August 27, 2018
In this month’s “Six Questions” feature, we’re speaking with Winn Henderson, UL Consumer Technology Senior Staff Engineer, about Laser Safety in Additive Manufacturing (AM). Winn speaks to the risks and hazards associated with lasers, considerations for AM equipment, and the certification measures that can be taken to meet the necessary product safety standards.
#1 What are the potential concerns from lasers used in Additive Manufacturing?
Typically, a high powered hazardous laser is employed inside the product to assist with the additive manufacturing process. These lasers can burn skin, cause eye damage, and cause fires if they are directed onto certain materials. However, typically, access to this high powered radiation is not required for the product to perform its intended function, and therefore the laser radiation should be fully contained by a suitable enclosure. Also, any panels or doors that can be removed or opened to gain access to the laser processing area should be interlocked to shut the laser off.
#2 How is the potential hazard from a laser identified?
Lasers are classified from Class 1 (least hazardous) to Class 4 (most hazardous) with sub-classes in between. For a laser product in general, access to laser radiation over Class 1 is only acceptable when access to that radiation is necessary for the product to perform its intended function. For AM, typically, operator access to the high-powered (i.e. Class 4) laser radiation inside is not necessary to use the product, so the laser should not be accessible during operation. In this instance, with a suitable enclosure, the product could be considered a Class 1 laser product (based on operator access) with Class 4 internal laser radiation (may be accessible to trained service personnel).
#3 What types of safety standards are applicable to address laser product safety of Additive Manufacturing equipment?
In the US, the CDRH (Center for Devices and Radiological Health – a branch of government under the FDA) regulates all laser products sold, marketed, or imported in the US. Manufacturers are required to evaluate the laser products to the 21 Code of Federal Regulations (CFR) Parts 1010 and 1040, and file a specific laser report template with the CDRH. Outside the US, the laser product safety requirements are contained in IEC 60825-1. Both of these standards provide requirements for construction features, labeling, and user manual statements depending on the laser power and laser class that is present. It should be noted that the CDRH accepts some portions of IEC 60825-1 in an attempt to harmonize with the IEC requirements.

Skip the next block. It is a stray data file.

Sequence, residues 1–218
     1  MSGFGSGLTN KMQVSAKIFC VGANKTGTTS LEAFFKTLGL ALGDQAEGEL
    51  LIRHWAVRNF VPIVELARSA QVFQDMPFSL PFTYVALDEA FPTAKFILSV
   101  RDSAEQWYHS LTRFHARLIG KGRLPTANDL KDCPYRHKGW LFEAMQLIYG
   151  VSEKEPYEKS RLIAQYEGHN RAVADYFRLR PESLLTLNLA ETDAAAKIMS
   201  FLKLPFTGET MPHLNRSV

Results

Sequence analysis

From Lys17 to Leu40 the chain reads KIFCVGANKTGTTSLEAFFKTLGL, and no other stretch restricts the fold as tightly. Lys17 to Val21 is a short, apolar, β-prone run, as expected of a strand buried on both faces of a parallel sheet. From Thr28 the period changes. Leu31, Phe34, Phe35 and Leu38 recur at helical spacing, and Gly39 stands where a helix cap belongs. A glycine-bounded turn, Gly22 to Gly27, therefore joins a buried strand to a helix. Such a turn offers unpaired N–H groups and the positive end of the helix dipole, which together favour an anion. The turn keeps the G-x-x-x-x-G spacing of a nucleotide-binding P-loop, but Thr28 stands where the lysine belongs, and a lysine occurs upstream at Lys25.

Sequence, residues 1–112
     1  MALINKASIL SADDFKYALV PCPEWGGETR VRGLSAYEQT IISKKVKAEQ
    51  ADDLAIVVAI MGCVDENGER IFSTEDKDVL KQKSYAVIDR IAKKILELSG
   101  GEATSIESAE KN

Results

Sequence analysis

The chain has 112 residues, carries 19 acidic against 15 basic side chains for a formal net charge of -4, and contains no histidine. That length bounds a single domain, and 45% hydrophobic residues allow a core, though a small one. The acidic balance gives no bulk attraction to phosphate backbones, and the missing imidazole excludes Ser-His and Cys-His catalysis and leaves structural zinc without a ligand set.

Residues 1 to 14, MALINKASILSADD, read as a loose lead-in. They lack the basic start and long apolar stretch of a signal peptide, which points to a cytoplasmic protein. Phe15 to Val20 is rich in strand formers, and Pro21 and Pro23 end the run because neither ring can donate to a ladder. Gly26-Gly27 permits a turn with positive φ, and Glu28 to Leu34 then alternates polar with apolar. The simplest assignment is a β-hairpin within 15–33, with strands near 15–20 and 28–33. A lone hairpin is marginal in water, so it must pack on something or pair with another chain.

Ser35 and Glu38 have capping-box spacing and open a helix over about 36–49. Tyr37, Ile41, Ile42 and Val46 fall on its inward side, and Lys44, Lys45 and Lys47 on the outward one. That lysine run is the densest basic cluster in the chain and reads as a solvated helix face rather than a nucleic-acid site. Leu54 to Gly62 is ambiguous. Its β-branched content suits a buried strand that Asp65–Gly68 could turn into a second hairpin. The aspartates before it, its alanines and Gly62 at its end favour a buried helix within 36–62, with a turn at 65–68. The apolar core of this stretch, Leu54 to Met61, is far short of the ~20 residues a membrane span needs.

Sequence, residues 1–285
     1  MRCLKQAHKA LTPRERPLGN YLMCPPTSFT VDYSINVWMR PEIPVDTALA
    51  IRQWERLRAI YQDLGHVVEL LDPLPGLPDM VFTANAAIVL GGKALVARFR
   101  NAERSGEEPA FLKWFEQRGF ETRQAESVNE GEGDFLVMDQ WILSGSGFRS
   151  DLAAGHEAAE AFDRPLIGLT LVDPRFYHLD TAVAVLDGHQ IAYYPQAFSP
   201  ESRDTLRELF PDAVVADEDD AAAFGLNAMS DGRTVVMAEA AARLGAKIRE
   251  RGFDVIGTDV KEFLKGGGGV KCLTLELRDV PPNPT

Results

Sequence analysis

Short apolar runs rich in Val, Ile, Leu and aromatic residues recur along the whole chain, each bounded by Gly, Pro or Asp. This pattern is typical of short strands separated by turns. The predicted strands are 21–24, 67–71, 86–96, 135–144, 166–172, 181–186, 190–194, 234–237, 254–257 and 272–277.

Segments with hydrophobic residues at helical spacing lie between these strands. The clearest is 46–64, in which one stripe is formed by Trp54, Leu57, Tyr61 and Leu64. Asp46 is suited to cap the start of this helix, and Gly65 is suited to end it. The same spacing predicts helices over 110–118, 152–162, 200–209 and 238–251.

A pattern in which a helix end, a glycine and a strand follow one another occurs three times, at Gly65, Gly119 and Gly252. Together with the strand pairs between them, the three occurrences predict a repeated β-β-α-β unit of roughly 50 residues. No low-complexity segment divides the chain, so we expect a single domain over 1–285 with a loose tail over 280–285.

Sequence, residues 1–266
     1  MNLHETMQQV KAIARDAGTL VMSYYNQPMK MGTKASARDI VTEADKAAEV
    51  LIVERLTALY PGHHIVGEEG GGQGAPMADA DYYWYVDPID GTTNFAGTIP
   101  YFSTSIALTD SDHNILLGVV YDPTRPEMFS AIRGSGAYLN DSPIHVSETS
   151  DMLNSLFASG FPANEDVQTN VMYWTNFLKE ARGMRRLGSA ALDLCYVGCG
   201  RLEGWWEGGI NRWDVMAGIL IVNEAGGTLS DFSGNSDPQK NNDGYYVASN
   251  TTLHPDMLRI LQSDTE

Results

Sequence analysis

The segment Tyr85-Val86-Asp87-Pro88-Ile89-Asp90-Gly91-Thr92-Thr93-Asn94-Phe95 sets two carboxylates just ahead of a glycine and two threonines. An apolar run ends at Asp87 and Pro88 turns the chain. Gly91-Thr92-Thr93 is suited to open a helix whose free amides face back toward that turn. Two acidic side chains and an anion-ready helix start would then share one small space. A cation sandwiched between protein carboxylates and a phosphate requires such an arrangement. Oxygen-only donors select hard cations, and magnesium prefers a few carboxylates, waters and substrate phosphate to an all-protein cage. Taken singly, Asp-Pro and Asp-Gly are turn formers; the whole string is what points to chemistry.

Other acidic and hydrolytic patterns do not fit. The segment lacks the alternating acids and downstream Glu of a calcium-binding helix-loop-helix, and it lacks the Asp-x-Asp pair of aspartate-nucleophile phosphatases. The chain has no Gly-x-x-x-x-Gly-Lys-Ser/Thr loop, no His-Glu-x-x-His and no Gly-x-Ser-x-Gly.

#4 What is the basic process to evaluate an Additive Manufacturing product to these laser product safety standards?
The laser power is determined at each location in the product that may be accessible during conditions of operation, maintenance, and service. Methods for measuring the laser power are described in the standards (CDRH 21CFR and/or IEC 60825-1). Then, these laser powers are compared to limits in the standards to determine the laser class at each location. Knowing the laser class at each location then allows one to determine the applicable labeling, construction features, and user manual statements that are required to protect the operator, maintenance, and service personnel. Typically, the final task is to create a report (CDRH Laser Product Report or IEC 60825-1 Report) to document how the product complies with the requirements.